The police chief of a Philippine town has been killed during a raid on an illegal cockfight when one of the razor-sharp metal blades worn by the birds cut an artery in his leg and he bled to death.
The incident took place on Monday in Madugang village in Northern Samar province, where police have been cracking down on illegal cockfights because the gatherings have been blamed for helping to spread coronavirus.
Ch Lt Christian Bolok, who was in his mid-30s, was trying to grab a cockerel when one of its gaffs – the steel blades attached to its legs – severed his femoral artery, according to the provincial governor, Edwin Ongchuan.
“He was trying to confiscate the roosters,” Ongchuan said, adding that Bolok or his companions had tried to stem his blood loss by tying a cloth around his leg but may have applied the tourniquet in the wrong spot.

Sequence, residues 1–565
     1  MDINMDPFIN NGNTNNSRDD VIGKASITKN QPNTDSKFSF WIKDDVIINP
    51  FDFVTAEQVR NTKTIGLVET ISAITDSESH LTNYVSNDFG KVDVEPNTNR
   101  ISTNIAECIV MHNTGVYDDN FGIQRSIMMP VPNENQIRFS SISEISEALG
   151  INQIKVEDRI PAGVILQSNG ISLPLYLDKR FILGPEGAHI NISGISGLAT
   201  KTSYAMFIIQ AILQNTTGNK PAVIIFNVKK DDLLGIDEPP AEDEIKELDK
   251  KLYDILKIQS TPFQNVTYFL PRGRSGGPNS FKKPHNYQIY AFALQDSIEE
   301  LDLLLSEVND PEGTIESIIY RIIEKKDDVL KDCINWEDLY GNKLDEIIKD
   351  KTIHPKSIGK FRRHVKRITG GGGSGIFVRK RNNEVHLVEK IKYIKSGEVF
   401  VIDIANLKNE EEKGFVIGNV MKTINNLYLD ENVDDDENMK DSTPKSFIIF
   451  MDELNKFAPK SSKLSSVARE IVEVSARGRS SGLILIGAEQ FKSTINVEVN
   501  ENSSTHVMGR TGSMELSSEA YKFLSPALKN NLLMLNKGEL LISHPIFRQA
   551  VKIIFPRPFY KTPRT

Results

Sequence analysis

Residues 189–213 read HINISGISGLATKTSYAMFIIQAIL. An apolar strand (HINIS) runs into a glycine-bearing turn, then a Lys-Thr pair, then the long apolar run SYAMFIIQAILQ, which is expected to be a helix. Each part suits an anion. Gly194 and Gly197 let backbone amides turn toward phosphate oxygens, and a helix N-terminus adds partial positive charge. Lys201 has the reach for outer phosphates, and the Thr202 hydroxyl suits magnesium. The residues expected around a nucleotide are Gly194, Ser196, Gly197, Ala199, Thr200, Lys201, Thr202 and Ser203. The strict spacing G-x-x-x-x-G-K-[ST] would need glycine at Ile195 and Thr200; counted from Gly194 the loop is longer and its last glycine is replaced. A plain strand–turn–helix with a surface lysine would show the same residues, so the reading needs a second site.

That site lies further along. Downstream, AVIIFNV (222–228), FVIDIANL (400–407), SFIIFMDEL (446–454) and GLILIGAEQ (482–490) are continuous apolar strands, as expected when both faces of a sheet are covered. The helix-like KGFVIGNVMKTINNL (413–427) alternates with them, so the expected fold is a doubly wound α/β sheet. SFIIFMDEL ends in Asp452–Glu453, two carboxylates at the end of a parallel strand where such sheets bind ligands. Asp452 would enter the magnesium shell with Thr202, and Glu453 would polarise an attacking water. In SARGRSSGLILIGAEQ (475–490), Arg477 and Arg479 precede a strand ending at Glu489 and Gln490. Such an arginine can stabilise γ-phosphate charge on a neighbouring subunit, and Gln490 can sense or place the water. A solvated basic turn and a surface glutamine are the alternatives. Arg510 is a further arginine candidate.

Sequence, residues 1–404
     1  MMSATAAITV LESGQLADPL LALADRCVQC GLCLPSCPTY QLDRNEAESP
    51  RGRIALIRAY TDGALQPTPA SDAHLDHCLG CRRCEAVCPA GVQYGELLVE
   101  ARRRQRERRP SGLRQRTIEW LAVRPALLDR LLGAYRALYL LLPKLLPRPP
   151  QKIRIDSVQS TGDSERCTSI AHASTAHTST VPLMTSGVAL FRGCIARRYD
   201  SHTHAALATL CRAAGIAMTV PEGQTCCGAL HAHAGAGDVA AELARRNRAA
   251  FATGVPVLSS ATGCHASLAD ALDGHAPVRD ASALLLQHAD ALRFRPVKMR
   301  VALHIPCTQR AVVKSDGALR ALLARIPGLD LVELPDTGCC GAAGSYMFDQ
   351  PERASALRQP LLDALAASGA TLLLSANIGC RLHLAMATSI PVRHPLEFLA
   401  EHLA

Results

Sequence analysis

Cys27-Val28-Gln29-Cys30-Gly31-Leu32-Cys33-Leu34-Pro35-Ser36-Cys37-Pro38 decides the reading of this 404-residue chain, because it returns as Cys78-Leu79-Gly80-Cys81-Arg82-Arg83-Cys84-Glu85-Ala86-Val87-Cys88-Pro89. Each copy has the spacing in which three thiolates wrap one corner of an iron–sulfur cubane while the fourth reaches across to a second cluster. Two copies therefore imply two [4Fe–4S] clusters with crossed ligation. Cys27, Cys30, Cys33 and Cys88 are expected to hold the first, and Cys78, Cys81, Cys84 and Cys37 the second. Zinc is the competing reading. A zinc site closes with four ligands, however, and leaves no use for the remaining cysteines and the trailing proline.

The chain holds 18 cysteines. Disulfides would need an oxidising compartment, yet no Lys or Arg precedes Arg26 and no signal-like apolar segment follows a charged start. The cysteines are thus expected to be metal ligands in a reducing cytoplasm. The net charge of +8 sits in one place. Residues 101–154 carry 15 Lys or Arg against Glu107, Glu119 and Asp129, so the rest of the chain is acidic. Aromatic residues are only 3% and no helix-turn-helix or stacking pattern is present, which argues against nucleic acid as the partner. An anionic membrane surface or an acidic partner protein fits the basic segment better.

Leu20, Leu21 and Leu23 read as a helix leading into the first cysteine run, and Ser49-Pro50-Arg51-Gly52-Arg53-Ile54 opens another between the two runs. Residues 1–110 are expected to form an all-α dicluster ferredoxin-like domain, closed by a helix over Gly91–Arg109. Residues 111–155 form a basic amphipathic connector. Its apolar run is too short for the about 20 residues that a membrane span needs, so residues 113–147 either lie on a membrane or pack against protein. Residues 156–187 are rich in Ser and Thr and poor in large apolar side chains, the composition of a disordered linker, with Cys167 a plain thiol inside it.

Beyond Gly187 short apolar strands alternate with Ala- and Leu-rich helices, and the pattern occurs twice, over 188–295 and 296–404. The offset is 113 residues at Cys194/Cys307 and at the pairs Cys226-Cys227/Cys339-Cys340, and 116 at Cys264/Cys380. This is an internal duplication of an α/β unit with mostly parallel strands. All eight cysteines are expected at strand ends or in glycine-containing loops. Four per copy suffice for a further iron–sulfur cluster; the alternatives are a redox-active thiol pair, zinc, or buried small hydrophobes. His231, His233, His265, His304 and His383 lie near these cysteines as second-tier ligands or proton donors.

Officers arrested three farmers who had been taking part in the illegal fight, and were searching for three others. They seized seven cockerels, a pair of gaffs and 550 pesos (£8) in cash in the raid, a police report said.
Ongchuan and his local government praised Bolok’s dedication and determination to enforce coronavirus safeguards in Northern Samar, and the governor had given Bolok’s family financial support, officials said.
“We grieve with our provincial police in the loss of such a committed and selfless officer, whose enforcement of our community quarantine regulations has cost him his life,” Ongchuan said.
Cockfighting is a popular pastime and gambling sport in many rural areas of the Philippines. Some fights are licensed and legal, but many are not. All such events are currently prohibited as part of efforts to contain the coronavirus.
The Philippines has recorded more than 375,000 infections since the pandemic began, the second-highest number in south-east Asia, and at least 7,114 deaths.